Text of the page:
Recall election, #MeToo lead California legislative battles

SACRAMENTO, Calif. -- Sexual harassment allegations and an effort to recall a state senator as a test of voters' anger over higher gas taxes are shaping an unusual California legislative primary election.

Tuesday's election decides which candidates will square off in November for all 80 state Assembly seats and half of the 40 Senate seats. The top two vote-getters in primary races, no matter their political party affiliation, head to the November general election.

Voters also are deciding whether to unseat an Orange County-area senator and picking successors to three lawmakers who resigned amid sexual harassment allegations, one of whom is running for his old seat.


Republicans are targeting Democratic Sen. Josh Newman of Fullerton over his vote last year to increase fuel and vehicle taxes to raise about $5 billion a year for road repairs.

Newman narrowly won the traditionally Republican Orange County-based district in the 2016 election, and both parties see him as vulnerable.

Replacing him with a Republican would keep Senate Democrats below a two-thirds supermajority. Newman's 2016 opponent, former Assemblywoman Ling Ling Chang, is among three Republicans and three Democrats in the recall election. Voters are choosing both whether to recall Newman and picking his possible successors on the same ballot.

A Republican-backed effort to repeal the tax increase is likely to be on the November ballot, and the Newman recall election will be an early test of where voters stand.


Tony Mendoza resigned his Senate seat in February rather than face a rare expulsion vote, one of three state lawmakers who resigned this session over sexual misconduct allegations.

But Mendoza wants his old seat back.

The Democrat from Artesia is running again for his Los Angeles-area seat while rejecting a finding by outside investigators that he likely engaged in unwanted flirtatious or suggestive behavior with six women.

Republican leaders are backing two-time Assembly candidate Rita Topalian. Voters must choose from crowded but slightly different fields while selecting the top two candidates for an Aug. 7 special runoff election to fill the vacancy, and for the November general election.

Meanwhile, two sitting legislators are seeking re-election despite sexual misconduct allegations.

Assembly investigators did not substantiate a claim that Democratic Assemblywoman Cristina Garcia of Los Angeles groped a staff member who worked for another lawmaker in 2014. But investigators said she frequently used vulgar language, which Assembly Speaker Anthony Rendon said constituted sexual harassment.

Unions and a charter school group mounted an aggressive campaign to unseat her, which her camp says is payback for her supporting traditional public schools and clean air legislation. Garcia faces six Democrats and one Republican for two spots in the November general election.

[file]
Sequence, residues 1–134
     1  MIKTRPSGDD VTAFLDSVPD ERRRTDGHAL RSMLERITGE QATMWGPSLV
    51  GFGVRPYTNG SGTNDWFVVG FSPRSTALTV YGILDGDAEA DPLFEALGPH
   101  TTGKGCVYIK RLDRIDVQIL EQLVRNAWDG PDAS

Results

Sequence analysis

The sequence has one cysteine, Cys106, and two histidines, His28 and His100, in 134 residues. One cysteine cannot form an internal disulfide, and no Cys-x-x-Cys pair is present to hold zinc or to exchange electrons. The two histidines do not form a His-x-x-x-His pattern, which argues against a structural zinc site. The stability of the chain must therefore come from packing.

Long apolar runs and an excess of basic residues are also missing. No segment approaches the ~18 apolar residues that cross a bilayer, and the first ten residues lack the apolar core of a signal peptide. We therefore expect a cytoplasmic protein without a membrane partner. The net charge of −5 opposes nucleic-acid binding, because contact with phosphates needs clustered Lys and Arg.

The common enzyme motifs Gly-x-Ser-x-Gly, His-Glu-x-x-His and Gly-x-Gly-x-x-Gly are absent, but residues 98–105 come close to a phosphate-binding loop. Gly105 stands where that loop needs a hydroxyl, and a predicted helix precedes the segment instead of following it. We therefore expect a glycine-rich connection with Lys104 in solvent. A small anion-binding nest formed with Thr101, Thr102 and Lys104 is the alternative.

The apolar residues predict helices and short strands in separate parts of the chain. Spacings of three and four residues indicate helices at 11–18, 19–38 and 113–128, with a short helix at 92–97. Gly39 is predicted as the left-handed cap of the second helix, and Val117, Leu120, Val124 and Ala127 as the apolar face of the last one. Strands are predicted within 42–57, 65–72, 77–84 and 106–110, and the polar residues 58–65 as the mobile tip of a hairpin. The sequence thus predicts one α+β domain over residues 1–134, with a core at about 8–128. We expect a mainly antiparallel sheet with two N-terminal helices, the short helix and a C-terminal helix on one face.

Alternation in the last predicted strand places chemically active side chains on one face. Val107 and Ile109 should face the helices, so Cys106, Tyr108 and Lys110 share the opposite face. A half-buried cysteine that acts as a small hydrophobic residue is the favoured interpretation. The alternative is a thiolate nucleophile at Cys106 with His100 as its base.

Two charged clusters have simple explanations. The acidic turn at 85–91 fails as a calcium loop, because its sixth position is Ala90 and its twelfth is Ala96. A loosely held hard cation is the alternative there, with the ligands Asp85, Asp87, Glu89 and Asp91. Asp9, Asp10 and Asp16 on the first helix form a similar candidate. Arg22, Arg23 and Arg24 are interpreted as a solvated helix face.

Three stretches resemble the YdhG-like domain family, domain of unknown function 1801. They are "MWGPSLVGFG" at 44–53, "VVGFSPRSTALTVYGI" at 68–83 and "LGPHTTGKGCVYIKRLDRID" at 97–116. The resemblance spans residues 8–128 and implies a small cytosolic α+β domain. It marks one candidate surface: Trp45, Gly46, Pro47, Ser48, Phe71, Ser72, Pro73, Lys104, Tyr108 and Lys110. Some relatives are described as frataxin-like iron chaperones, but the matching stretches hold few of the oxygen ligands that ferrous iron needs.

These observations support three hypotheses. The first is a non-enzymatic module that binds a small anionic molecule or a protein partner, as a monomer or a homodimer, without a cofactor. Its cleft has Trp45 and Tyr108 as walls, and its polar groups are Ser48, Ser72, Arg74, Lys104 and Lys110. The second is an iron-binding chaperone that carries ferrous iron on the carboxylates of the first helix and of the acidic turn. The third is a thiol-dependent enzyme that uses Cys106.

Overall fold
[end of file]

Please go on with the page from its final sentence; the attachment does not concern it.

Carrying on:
Central Valley Republican Assemblyman Devon Mathis of Visalia faces two same-party challengers in Visalia Mayor Warren Gubler and rancher Jack Lavers after the Tulare County Republican Central Committee sought his resignation over alleged inappropriate behavior including sexual misconduct. He denies the allegation and Sacramento police found no evidence to support a criminal charge, but his former chief of staff sued Mathis and the Assembly while repeating the claim in April. Also running is Democratic Tulare city councilman Jose Sigala.


Voters will choose new representatives for two Los Angeles County seats vacated when Assemblymen Matt Dababneh and Raul Bocanegra resigned following sexual misconduct allegations. The winners of Tuesday's contests will join the Assembly immediately to serve out of the rest of the terms through November.

Special primary elections in April nominated Democrat Luz Rivas and Republican Ricardo Benitez to replace Bocanegra, and Democrat Jesse Gabriel and Republican Justin Clark to replace Dababneh.

Voters will also pick candidates to appear on the November ballot for the next legislative term.


Rendon, the Democratic Assembly speaker, and former Assembly Republican leader Chad Mayes both face intraparty challengers spurred by their legislative actions.

Mayes gave up his leadership post under pressure after he, like Mathis, worked with Democrats on climate change legislation. He's being challenged by fellow Republicans San Jacinto Councilman Andrew Kotyuk and former Palm Springs police chief Gary Jeandron in the Riverside and San Bernardino county district.

Single-payer health care advocates are targeting Rendon for blocking a Senate-approved bill last year. They're backing single-payer supporter Maria Estrada over Republican Adam Joshua Miller in the Los Angeles County district.
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